> it still needs to be `realworld tested'.
Clearly it fails that test today, but who knows what tomorrow will
bring.
> I am not trying to knock it
> MathML and Sebastian's ideas of semantic markup cater very well for
> the ideal of what Physicists and Computer Scientists (ie people who
> designed Mathematica and Maple) think maths and maths notation is.
True. The phrase that you are supposed to use in this context (for some
strange reason) is ``K through 12'' I am not sure if that automatically
means anything to American readers, it didn't mean anything to me until
it was explained that this meant basically starting school until first
year University. Ie almost no 20th century mathematics. Not
surprisingly, 19th Century Mathematics is by now reasonably stable,
rather like LaTeX 2.09 I suppose.
> The kind of maths I indulge in (when not indulging in chat on serious
> email lists, etc etc:) is not like this,
But (Content) MathML is not designed for you. OpenMath is. OpenMath is
what I am supposed to be doing (when not indulging in chat on serious
email lists, etc etc:). The import of MathMl for OpenMath is that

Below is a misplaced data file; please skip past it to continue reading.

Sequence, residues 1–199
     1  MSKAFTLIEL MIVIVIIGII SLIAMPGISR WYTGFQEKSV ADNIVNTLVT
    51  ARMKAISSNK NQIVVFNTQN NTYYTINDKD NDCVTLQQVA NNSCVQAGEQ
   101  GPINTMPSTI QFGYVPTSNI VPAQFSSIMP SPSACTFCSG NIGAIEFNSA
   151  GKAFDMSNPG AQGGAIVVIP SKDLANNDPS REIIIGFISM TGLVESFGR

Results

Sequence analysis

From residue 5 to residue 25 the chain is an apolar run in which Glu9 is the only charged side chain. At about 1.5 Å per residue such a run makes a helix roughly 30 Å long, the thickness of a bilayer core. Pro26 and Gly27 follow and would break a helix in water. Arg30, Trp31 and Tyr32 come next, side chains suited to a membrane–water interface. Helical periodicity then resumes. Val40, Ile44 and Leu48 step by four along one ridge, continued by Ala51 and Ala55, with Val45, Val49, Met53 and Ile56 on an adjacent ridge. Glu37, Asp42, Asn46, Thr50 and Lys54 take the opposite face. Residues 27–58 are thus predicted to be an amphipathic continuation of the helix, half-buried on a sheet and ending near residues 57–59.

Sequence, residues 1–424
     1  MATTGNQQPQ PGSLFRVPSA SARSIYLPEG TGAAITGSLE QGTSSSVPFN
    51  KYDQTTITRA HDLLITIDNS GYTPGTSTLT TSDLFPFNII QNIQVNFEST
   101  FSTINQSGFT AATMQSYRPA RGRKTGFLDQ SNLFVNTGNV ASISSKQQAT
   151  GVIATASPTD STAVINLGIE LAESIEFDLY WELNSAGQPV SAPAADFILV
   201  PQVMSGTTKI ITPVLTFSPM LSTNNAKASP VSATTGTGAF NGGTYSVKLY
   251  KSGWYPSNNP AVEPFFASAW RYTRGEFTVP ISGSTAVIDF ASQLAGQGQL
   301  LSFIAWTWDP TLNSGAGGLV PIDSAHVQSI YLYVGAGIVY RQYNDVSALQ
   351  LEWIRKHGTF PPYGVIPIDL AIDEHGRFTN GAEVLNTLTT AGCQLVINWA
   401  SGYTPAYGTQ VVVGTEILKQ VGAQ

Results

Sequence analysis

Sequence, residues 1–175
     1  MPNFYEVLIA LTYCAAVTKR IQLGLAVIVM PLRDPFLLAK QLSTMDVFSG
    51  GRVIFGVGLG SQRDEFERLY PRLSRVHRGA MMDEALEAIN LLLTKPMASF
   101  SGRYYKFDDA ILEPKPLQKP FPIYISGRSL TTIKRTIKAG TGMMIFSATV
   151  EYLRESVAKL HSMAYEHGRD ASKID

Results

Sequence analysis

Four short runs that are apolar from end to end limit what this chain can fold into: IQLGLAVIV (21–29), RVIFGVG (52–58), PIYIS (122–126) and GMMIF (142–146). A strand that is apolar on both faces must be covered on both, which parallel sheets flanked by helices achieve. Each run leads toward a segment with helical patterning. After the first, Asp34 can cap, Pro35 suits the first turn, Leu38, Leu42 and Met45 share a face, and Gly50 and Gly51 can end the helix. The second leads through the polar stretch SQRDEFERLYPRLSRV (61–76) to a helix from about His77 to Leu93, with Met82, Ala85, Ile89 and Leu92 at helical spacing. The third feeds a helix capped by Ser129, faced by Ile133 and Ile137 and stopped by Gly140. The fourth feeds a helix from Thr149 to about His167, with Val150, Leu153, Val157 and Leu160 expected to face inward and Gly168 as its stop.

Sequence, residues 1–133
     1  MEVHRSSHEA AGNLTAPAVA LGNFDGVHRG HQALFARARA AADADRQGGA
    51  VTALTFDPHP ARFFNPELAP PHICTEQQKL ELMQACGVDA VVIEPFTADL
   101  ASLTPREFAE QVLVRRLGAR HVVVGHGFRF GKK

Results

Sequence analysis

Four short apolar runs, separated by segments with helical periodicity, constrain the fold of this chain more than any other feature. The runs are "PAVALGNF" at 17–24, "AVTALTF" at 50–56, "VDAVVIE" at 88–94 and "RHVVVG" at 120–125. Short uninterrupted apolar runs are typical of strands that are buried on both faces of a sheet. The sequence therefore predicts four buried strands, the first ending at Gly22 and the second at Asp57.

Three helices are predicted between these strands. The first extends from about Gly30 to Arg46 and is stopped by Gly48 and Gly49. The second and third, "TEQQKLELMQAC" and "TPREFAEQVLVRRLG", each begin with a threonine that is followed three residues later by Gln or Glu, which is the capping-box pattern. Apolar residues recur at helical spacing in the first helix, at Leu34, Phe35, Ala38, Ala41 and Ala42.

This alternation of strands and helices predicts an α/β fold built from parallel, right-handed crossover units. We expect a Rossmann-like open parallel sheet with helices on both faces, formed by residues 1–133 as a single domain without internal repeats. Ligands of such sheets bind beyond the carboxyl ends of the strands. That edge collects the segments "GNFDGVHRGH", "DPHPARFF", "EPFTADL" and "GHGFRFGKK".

it potentially supplies a rendering mechanism.
> Don called a `subformula' but which is very badly handled (both
> syntactically and semantically in `standard TeX/LaTeX').
Since Chris and I appear to be pretending to reply to each other's
messages while in fact speaking to a wider audience, I could point out
in particular the fact that not everyone seems to realise, that if you
put something inside {....} in TeX in math mode the effect is rather
strange, all spacing is frozen, and all line breaking is prevented, just
as if that had been an \mbox construction if you actually used an
explicit box, it would also fix other things, like \textstyle, but in
all other respects groups in math mode behave like boxes (except for
\begingroup groups which just behave really strangely:)
A typical MathML renderer is recommended to progressively alter its line
breaking behaviour depending on the depth of mrow nesting, which is
rather different from the TeX all or nothing behaviour. (As far as I
know none of the currently available MathMl renderers actually do this,
or get anywhere near TeX quality generally, but it is early days yet).
David